Common Law Marriages
A common law marriage is a legally recognized marriage that is permitted in certain jurisdictions and does not require a license or a ceremony. In these marriages, the state will recognize when two people live together as spouses and hold themselves out as a married couple. North Carolina does not recognize common law marriage arising in the state. However, a few states, including Iowa, South Carolina, and Colorado, and Texas do recognize common law marriages. For example, to have a valid common law marriage in Texas, the two individuals have to (1) agree to be married, (2) live together as husband and wife, (3) and show others that the marriage exists (i.e., hold themselves out as married). In Alabama, each person must show an intention to be married and there must consummation. In a recent development, Alabama has abolished common marriages arising after January 1, 2017.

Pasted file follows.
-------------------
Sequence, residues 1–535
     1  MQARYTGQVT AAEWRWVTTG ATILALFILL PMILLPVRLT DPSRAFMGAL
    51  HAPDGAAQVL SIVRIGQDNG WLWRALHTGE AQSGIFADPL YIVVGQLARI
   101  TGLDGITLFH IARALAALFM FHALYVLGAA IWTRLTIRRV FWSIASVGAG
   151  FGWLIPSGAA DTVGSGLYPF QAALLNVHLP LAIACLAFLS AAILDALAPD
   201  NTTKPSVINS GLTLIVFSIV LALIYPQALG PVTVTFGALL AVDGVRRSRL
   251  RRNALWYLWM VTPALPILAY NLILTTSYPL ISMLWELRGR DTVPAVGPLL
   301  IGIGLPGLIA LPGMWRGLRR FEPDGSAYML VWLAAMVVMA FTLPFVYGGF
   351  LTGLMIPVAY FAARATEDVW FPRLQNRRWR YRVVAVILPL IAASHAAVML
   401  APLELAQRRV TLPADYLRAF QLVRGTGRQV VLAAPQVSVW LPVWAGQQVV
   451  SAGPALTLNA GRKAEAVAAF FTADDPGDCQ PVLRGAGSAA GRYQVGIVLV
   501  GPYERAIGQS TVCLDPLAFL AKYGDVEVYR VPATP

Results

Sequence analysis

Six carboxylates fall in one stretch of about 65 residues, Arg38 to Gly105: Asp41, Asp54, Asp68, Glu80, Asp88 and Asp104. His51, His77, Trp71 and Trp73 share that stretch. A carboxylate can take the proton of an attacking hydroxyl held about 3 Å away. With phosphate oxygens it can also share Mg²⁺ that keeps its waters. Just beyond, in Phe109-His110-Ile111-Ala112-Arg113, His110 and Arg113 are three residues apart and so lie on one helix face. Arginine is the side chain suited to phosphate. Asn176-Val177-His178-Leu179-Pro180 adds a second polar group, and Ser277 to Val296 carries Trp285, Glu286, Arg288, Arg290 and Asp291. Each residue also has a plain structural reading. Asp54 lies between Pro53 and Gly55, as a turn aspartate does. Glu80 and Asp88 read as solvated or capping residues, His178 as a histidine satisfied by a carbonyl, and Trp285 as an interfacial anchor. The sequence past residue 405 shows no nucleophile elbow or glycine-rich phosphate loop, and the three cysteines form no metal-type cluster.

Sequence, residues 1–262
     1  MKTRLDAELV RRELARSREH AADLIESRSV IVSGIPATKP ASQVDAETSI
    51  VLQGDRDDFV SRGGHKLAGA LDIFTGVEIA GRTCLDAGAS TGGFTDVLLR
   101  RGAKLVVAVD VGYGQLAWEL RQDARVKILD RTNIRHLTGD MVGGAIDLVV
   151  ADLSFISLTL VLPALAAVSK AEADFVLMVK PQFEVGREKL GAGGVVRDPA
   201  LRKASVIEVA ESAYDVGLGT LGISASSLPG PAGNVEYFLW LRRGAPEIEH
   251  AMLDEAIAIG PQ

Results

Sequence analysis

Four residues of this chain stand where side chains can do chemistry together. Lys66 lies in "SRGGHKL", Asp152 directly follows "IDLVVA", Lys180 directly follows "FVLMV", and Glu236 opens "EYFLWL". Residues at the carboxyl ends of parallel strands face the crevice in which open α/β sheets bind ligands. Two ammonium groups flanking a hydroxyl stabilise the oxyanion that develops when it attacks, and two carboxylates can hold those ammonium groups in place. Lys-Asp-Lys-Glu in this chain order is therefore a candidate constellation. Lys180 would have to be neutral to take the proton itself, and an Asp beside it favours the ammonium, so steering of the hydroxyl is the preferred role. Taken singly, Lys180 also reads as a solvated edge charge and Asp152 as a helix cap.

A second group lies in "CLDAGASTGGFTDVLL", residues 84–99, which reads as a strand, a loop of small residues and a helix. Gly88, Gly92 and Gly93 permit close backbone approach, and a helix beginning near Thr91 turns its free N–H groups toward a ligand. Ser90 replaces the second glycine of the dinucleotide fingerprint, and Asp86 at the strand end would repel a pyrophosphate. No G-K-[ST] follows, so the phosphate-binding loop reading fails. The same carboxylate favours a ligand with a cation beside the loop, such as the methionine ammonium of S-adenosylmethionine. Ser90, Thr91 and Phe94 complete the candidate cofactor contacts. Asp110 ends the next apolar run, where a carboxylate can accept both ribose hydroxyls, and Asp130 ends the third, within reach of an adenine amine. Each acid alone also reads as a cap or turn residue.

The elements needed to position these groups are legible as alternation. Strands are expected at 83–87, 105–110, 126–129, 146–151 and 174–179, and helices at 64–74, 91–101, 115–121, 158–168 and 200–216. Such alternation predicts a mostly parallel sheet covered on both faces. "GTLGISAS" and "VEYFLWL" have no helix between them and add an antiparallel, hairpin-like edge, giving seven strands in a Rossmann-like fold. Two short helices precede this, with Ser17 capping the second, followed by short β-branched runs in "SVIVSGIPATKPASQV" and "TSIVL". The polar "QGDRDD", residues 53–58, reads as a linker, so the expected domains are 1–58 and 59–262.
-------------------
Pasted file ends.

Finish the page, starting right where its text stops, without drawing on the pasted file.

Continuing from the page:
Although a common misconception, a couple need not enter the common law marriage for a specific time frame to gain recognition for common law marriage. They must only fulfill the qualitative requirements under the state statute.